The “then” neologism of liberty or, perhaps more accurately, liberté, ultimately, served as a force of influence on both the French Revolution (1789-1799) and American Revolution (1763-1776), which, as a reflection of the new ideas, rhetoric, and language of the revolution employed by the new ideologues, eventually, shook the world (Kirby et al., 2000). 
Copyright © Protected - All Rights Reserved M. Ulric Killion, 2009.

Monday, November 8, 2010

Post-global financial crisis: The measure of the “Beijing consensus” as a variety of capitalisms


Munich Personal RePEc Archive


Killion, M. Ulric (2010): Post-global financial crisis: The measure of the “Beijing consensus” as a variety of capitalisms. Unpublished.



PDF - Requires a PDF viewer such as GSview, Xpdf or Adobe Acrobat Reader


In order to explore the prospective effects of what hails as the Beijing consensus, a conceptualization arguably near-synonymous with Beijing’s export-oriented strategy, the Article first discusses the state of the Chinese economy in the post-global financial crisis era. After reviewing some key indicators of the country’s economy, the Article presents a comparison between a Washington and Beijing consensus, contrasting ideological meanings between these two consensuses, and then explores the measure of the Beijing consensus as a variety of capitalisms. By doing so the Article reveals the broader role of Beijing’s export-oriented strategy and its eventual relation to international capital’s industrial transformation and the prospective effects of a Beijing consensus. The Article concludes by presenting a prospectus of the Beijing consensus as a variety of capitalisms in the post-global financial crisis era. By presenting the Beijing consensus or even export-oriented strategy as an evolving model in this new era, China’s trade and finance models prospectively present a distinctive modeling of capitalism and its tools of trade and finance models.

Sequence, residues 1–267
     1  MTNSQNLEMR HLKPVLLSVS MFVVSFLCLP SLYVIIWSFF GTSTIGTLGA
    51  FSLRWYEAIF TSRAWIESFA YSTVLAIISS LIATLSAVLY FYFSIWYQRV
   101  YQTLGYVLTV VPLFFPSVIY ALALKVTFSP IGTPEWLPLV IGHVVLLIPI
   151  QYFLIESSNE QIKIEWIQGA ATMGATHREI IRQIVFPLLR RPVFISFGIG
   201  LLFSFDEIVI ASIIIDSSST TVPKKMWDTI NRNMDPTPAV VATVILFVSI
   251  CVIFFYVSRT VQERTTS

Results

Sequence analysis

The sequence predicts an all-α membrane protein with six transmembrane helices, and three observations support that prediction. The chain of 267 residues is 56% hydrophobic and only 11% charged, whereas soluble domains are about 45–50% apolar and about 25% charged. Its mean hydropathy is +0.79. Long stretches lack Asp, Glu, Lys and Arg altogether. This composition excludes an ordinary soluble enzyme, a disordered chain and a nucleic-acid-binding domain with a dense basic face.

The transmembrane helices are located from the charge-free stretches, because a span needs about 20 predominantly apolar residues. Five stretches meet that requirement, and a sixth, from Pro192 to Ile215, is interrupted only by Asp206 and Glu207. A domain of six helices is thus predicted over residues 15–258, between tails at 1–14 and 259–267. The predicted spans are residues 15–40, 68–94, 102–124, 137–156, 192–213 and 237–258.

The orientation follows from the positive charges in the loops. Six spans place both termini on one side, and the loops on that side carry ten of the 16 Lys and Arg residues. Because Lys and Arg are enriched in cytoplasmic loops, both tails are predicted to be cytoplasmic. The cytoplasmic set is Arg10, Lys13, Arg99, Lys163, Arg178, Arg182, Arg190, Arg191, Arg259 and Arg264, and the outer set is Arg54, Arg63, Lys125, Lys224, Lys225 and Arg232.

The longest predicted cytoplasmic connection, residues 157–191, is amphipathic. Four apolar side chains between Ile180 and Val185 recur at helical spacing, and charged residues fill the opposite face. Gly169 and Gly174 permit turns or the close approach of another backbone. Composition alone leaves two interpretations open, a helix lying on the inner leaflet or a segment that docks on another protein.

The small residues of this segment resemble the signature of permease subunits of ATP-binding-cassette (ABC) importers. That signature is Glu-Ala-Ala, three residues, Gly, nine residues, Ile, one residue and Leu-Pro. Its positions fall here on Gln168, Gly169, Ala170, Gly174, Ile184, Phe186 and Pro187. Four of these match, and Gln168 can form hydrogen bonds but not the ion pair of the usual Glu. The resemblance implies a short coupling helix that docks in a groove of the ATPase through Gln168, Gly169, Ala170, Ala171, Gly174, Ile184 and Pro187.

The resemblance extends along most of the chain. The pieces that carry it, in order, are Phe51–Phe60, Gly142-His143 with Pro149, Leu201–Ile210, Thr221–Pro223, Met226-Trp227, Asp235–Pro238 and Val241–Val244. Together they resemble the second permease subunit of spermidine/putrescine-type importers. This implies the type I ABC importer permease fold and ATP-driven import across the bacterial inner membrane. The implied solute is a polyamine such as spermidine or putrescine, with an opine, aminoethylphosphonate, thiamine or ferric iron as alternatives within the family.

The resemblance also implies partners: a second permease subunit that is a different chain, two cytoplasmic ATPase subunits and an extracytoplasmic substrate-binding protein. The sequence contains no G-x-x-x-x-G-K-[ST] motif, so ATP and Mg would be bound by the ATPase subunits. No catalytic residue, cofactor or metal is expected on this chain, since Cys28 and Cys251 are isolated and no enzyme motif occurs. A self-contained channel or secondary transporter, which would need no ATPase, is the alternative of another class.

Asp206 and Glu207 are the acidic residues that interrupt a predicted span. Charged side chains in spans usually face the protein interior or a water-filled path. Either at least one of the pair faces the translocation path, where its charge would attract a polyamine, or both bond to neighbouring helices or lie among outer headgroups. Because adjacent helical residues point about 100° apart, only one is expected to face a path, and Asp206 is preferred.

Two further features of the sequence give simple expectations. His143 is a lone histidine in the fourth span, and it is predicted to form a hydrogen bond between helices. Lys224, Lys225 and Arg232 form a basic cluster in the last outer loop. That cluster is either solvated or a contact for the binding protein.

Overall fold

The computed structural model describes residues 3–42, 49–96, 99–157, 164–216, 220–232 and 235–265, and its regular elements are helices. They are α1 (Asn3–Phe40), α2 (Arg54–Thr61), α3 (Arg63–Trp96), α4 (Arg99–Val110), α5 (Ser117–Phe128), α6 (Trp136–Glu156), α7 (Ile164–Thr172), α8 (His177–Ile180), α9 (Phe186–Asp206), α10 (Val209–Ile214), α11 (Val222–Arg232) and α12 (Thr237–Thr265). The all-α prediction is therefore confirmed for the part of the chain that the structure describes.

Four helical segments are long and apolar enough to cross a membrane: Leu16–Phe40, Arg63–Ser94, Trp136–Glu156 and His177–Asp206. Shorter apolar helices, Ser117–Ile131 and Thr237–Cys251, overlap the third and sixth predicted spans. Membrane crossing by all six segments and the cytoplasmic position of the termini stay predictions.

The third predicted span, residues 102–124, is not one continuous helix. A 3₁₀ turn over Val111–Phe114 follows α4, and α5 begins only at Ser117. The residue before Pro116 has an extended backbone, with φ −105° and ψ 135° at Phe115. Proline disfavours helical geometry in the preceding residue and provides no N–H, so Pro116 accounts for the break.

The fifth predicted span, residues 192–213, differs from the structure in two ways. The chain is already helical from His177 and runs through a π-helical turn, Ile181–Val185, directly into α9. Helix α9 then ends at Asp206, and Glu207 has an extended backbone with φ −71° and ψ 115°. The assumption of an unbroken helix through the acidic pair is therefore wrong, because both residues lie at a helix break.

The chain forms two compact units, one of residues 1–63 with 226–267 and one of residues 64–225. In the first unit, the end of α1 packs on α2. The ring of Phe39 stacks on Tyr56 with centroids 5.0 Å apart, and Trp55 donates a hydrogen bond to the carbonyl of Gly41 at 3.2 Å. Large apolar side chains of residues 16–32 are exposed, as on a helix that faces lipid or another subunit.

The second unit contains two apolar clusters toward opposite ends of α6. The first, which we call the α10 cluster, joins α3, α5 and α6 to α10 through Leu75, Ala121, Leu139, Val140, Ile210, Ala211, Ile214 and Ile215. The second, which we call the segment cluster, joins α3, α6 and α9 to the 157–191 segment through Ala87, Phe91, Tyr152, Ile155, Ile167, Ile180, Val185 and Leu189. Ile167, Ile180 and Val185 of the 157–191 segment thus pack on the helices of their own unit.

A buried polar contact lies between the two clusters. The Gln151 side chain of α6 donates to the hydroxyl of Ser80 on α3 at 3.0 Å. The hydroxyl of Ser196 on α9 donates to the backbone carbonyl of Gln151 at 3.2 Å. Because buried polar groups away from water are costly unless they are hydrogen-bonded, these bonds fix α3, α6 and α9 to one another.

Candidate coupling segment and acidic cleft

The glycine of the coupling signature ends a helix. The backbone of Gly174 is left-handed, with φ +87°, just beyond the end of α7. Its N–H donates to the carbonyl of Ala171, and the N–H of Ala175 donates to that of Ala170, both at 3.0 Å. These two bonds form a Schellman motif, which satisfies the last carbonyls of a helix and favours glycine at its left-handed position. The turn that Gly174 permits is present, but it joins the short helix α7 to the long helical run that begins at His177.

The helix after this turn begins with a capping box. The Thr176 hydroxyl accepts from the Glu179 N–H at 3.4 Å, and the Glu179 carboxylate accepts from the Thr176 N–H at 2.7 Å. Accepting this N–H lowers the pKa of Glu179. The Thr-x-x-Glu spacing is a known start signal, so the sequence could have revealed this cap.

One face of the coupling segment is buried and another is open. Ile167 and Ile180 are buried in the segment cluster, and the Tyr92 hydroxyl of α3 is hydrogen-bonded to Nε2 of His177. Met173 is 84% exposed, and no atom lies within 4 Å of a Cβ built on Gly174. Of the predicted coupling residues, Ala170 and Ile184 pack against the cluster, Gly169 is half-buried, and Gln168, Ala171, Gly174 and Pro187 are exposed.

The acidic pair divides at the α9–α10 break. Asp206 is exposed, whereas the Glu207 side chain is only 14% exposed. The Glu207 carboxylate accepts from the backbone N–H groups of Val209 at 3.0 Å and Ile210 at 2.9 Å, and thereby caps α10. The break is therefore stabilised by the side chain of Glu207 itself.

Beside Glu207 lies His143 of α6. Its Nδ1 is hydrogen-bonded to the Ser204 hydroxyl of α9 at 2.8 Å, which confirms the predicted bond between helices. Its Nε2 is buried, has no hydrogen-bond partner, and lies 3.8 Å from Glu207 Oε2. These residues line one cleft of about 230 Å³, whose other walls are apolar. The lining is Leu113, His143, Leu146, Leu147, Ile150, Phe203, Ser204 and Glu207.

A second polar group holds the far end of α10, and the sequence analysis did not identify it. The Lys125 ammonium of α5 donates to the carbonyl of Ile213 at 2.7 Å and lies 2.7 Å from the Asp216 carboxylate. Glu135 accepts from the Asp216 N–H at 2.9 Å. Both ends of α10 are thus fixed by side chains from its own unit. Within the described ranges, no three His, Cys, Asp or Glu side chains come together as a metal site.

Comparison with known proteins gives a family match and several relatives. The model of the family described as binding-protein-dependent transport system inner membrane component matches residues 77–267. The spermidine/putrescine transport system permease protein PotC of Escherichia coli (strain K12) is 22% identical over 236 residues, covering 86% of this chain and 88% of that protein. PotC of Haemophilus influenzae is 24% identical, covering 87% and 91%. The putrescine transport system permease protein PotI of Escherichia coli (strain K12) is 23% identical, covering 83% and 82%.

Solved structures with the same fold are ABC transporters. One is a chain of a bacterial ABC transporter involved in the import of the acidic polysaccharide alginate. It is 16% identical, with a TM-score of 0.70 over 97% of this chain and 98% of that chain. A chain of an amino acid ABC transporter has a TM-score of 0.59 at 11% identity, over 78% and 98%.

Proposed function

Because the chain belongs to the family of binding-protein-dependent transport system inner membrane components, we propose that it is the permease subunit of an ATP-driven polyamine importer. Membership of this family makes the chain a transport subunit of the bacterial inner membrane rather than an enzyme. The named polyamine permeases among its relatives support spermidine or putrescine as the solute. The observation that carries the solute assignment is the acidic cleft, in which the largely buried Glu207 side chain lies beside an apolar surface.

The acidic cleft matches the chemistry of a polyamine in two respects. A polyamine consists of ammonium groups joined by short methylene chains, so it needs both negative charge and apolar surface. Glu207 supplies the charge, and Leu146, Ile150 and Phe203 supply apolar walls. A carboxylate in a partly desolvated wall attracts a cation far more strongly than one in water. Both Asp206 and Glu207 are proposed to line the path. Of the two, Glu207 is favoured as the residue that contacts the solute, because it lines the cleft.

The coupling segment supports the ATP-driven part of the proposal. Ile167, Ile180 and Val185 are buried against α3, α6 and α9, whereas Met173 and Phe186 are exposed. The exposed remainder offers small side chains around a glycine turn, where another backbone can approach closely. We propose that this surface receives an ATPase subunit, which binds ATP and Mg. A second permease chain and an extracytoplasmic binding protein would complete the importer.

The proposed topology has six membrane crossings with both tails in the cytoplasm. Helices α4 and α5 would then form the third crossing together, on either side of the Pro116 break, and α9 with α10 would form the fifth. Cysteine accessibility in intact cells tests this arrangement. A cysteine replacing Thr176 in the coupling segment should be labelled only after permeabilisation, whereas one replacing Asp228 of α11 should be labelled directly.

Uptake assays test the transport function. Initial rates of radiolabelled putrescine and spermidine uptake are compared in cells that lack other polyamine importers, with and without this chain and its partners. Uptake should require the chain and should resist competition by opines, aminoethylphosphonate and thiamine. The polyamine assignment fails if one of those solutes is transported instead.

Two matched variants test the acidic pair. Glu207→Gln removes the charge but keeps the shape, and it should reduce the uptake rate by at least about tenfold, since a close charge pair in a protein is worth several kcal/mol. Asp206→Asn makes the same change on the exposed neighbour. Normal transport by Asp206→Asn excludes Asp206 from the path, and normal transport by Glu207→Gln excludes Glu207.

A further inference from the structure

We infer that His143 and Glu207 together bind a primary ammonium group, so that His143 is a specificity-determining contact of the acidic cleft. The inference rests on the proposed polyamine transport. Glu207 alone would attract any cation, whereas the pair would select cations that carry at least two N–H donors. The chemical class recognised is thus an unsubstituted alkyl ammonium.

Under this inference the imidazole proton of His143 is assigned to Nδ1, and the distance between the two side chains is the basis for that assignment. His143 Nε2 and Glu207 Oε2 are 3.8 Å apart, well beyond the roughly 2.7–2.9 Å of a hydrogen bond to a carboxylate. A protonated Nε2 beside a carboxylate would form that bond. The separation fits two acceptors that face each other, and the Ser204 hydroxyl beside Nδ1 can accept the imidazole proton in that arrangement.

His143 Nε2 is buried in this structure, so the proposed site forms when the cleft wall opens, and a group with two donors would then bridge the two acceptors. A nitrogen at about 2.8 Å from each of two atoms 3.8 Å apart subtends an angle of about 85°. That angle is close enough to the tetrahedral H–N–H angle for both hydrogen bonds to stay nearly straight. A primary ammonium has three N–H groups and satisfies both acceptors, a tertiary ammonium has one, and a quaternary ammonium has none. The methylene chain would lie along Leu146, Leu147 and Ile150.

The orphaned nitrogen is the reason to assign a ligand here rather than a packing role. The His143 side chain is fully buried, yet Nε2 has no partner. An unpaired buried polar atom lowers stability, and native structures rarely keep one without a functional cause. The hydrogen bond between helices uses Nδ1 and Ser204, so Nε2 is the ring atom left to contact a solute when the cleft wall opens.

Item Type:
MPRA Paper


China; economy; export; capitalist; socialist; transformation

F - International Economics > F0 - General > F00 - General
P - Economic Systems > P0 - General > P00 - General
F - International Economics > F1 - Trade > F10 - General
Z - Other Special Topics > Z0 - General > Z00 - General

ID Code:

Deposited By:
M. Ulric Killion

Deposited On:
06. Nov 2010 12:45

Last Modified:
06. Nov 2010 12:45


Albert, M, 1998, Capitalisme contre capitalisme, [Capitalism against Capitalism], Seuil.

Bevilacqua, D. and J. Duncan, 2010, “Towards a New Cosmopolitanism: Global Reflexive Interactive Democracy as a New Mechanism for Civil Society Participation in Agri-food Governance,” Global Jurist: Vol. 10: Iss. 1 (Advances), Article 2; Available at: http://www.bepress.com/gj/vol10/iss1/art2.

Bradford, Jr., C. I. and J. F. Linn, 2009, September, “Is the G-20 Summit a Step Toward a New Global Economic Order?,” Brookings Institution, Policy Brief #170.

U.S. Secretary of Energy to Deliver Keynote Address at CERAWeek 2010, 2010, February 5, [Electronic version], CERA: News: Press Release.

Cha, A. E., 2006, April 23, The Beijing Consensus, Washington Post.

Chen, J., and Li Y., Eds., 2009, 2010 Economy of China Analysis and Forecast, [2010 Nian Zhongguo Jingji Xingshi Fenxi Yu Yuce], Social Sciences Academic Press.

China’s 8% economic growth goal achievable: economist, 2009, December 6, Xinhua News.

Coates, D., 2002, Models of Capitalism: Debating Strengths and Weaknesses, Edward Elgar Publishing, ix.

Cole, C. W., 1965, French mercantilism: 1683-1700, Octagon Books.

Deeg, R., and G. Jackson, 2007, “The State of the Art - Towards a more dynamic theory of capitalist variety,” Socio-Economic Review, Vol. 5, 149–179.

_____, and _____, 2006, “How Many Varieties of Capitalism? Comparing the Comparative Institutional Analyses of Capitalist Diversity,” Discussion Paper 06/2, Max-Planck-Institut fuer Gesellschaftsforschung.

Ding, Q., 2009, December 24, Outlook for Chinese exports still grim, China Daily.

Dittrick, P., 2010, March 9, “CERAWeek: Asia to dominate growing energy demand,” Oil & Gas Journal.

Dore, R., W. Lazonick and M. O’Sullivan, 1999, “Varieties of capitalism in the twentieth century,” Vol. 15 Oxford Review of Economic Policy.

Faison, S., 2009, December 20, Book review: ‘When China Rules the World’ by Martin Jacques, Washington Post.

Gipouloux, F., 1998, May-June, “Integration or Disintegration? The Spatial Effects of Foreign Direct Investment in China,” China Perspectives, 6.

Hall, P. A., and D. Soskice, (Eds.), 2001, Varieties of Capitalism – The Institutional Foundations of Comparative Advantage, Oxford University Press.